Saturday, 20 December 2014

24th (2nd Warwickshire Regiment) Foot - Howard's Greens

British Units at Casa de Salinas
Division Major General Sir Alexander Mackenzie

Mackenzie's Brigade
2/24th Foot (Warwickshire Regt.)
2/31st Foot (Huntingdonshire Regt.)
1/45th Foot (Nottinghamshire Regt.)
Mackenzie's Brigade Light Battalion

Donkin's Brigade
2/87th Foot (Prince of Wales Own Irish Regt.)
1/88th Foot (Connaught Rangers Regt.)
Donkin's Brigade Light Battalion

Anson's Brigade
23rd Light Dragoon's
1st KGL Hussars

God's preferred scale, 18mm with a GMB set of Colours
The 24th "Warwickshire Regiment of Foot" was formed 18th March 1689 in Ireland by, its first colonel, Sir Edward Dering and was named after its colonel, Dering's Regiment of Foot. In 1737 it gained the nickname "Howard's Greens" to avoid confusion with the 19th Foot, also with green facings, with a Colonel Howard commanding the regiment at that time.

In 1751 it was numbered as the 24th Regiment of Foot and in 1782 became the 24th "2nd Warwickshire Regiment of Foot" distinguishing it from the 6th"1st Warwickshire Regiment of Foot" in yellow facings.

The 3rd Baronet, Sir Edward Dering, first Colonel of the 24th Foot
In 1804 the second battalion was formed in Warwick remaining in England until posted to Guernsey and Jersey in 1808-09.

In April 1809 the battalion landed at Lisbon under the command of Lieutenant Colonel Thomas Chamberlin and was assigned to the forces observing Marshal Victors forces in the Tagus valley, whilst Sir Arthur Wellesley took his main force north to deal with Marshal Soult in Oporto.

A young subaltern, James Warren Childe, of the 24th foot 1810-15 
In May of 1809 the 2/24th were brigaded with the 2/31st and the 1/45th under Major General Alexander Randoll Mackenzie who was also the commander of the new 3rd Division and joined Wellesley's force that marched into the Tagus valley to confront Marshal Victor.

The 2/24th are described as a "Green" battalion composed of young recruits "straight off the boat" and can thus be slightly excused for being caught out by Victor's veterans at their first encounter along the Alberche river at Casa de Salinas. They are reported to have only suffered nine casualties as they fell back to rejoin their comrades on the Talavera battle line.

The 24th move into line to cover the retreat of the Guards at Talavera
The 2/24th were able to redeem themselves the next day at Talavera where they were held in a reserve position behind General Sherbooke's 1st Division along the exposed open ground between the Cerro de Medellin and the Pajar de Vergara redoubt. Under continual bombardment from French artillery on the Cerro de Cascajal, they were perfectly placed to allow General Mackenzie, having observed the Guards over reach their position by charging in pursuit of General Sebastiani's fleeing French columns, move the 2/24th forward to occupy their original position in the line.

As the 2nd Guards recoiled from the inevitable French counterattack they were able to fall back behind the 24th who met the French with steady and destructive volleys, whilst the Guards rallied with "astonishing rapidity".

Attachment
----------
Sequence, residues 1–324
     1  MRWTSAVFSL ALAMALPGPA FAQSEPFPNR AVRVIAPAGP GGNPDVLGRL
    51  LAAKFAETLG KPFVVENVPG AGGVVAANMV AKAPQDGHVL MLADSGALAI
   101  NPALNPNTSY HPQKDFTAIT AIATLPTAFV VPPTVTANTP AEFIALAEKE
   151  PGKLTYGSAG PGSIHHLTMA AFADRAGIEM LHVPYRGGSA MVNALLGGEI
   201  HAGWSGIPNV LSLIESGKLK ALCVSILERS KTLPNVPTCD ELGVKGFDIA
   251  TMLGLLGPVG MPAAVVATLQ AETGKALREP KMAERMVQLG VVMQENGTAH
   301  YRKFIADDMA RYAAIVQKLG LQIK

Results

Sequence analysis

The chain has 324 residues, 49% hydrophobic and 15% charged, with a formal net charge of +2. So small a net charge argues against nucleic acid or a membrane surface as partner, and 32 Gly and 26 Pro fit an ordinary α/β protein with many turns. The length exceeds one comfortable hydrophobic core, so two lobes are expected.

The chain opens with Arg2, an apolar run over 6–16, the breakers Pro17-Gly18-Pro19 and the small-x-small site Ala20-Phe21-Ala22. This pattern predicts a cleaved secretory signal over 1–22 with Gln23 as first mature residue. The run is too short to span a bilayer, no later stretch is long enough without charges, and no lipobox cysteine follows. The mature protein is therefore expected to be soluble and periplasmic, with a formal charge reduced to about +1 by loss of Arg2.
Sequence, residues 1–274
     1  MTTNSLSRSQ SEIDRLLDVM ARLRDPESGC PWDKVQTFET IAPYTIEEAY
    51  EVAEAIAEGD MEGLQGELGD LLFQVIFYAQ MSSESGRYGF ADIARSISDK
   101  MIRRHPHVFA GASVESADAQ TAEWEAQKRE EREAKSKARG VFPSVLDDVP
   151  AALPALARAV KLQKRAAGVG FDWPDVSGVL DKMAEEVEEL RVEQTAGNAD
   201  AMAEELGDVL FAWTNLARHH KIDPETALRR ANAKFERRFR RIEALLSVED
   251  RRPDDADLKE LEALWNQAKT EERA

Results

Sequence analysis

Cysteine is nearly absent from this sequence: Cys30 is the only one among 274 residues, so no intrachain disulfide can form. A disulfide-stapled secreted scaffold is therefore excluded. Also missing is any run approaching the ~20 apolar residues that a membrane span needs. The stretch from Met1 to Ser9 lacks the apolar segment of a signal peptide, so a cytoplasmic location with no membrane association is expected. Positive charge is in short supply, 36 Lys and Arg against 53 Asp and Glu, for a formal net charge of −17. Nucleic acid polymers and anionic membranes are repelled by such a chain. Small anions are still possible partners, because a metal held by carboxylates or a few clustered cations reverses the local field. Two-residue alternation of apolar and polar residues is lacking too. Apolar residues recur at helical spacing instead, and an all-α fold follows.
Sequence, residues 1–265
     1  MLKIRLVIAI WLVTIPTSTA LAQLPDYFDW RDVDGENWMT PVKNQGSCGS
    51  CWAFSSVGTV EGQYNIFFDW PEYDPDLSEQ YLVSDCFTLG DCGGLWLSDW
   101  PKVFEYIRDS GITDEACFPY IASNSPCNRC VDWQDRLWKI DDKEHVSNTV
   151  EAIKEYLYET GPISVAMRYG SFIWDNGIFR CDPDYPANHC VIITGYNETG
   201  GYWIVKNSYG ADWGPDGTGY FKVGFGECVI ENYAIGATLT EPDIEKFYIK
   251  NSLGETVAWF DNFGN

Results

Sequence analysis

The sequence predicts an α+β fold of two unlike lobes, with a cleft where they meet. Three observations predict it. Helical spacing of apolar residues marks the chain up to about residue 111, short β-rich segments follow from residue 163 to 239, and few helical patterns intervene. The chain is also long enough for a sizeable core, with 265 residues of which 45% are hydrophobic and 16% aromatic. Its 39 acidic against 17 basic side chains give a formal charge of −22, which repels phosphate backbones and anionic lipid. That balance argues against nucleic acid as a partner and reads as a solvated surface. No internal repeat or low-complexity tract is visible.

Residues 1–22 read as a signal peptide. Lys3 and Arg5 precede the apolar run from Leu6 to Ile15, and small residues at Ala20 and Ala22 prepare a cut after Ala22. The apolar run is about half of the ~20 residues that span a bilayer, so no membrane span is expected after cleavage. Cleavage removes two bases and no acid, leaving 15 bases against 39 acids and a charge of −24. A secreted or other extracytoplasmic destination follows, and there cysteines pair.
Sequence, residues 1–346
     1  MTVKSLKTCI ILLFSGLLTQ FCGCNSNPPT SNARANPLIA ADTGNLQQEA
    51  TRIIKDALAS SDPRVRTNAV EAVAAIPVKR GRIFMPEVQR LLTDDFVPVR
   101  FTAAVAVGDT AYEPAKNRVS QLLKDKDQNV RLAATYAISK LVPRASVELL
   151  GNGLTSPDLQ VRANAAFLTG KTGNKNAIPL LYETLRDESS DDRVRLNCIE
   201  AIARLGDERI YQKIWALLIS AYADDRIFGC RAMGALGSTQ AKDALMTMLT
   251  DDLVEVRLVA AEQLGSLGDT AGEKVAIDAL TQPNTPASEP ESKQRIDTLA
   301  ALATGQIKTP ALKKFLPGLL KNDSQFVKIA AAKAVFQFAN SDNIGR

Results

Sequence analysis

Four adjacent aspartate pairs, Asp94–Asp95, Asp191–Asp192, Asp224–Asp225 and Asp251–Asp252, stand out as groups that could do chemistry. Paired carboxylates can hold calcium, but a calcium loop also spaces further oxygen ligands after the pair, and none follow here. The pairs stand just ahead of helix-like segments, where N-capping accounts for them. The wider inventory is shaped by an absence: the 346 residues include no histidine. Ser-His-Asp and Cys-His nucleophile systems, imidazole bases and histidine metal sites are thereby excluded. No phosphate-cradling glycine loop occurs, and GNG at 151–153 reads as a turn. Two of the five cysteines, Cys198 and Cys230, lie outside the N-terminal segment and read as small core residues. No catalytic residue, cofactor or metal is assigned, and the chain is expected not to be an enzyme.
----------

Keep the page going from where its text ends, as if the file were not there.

The other two battalions of Mackenzie's brigade moved into line on the left of the 24th, supported by the 14th and 16th Light Dragoons, now faced with six battalions of the French 32eme and 75eme Regiments. The unequal fight became desperate as the French followed up their success in a much more measured way. The two sides were engaged in a fearful firefight, causing heavy casualties to both sides.

General Mackenzie fell as did 632 of his men of the 2,000 that had gone into action in his three battalions. The casualties were such that the 24th found itself in a single rank. After half an hour of desperate fighting the Guards were able to resume their position in the line.

The superior marksmanship of the British began to tell and the French line was forced back, finally being broken by a charge on the left flank of the 75eme de Ligne by the Light Dragoons which caused the whole French line to break off.

After the battle, the 2/24th are reported to have lost 345 killed, wounded and prisoners from a strength of 787, leaving a hard core of bloodied veterans from the "Green" unit that arrived in Lisbon back in April.

The 2/24th as a second battalion struggled to maintain anything like fighting strength throughout the war, but built on its reputation as a "fighting second battalion" with Wellington so reluctant to allow them to return home to recruit, that they ended the war as part of the 3rd Provisional Battalion formed in November 1812.

My battalion is formed using figures from the Xan range with Colonel Chamberlin and the two ensigns from AB. The Colours are from GMB Flags.

References consulted were:
"Talavera, Wellington's First Victory in Spain", Andrew W Field a really good read about this battle which I highlighted back in December 2012
Peninsular War book review

"Talavera 1809 - Wellington's lightening strike into Spain", Osprey Campaign 253, Rene Chartrand & Graham Turner

"Great Battles of History Refought, Talavera", Richard Partridge & Mike Oliver


  1. lovely article to read along with great looking figures and brush work...marvelous work!

  2. Thanks Phil, it's fun when others enjoy seeing what I enjoy putting together.

  3. Replies
    1. Hi NSm and welcome to the blog. Thank you. The next unit to feature will be "Fitch's Grenadiers the 2/83rd County of Dublin Regiment.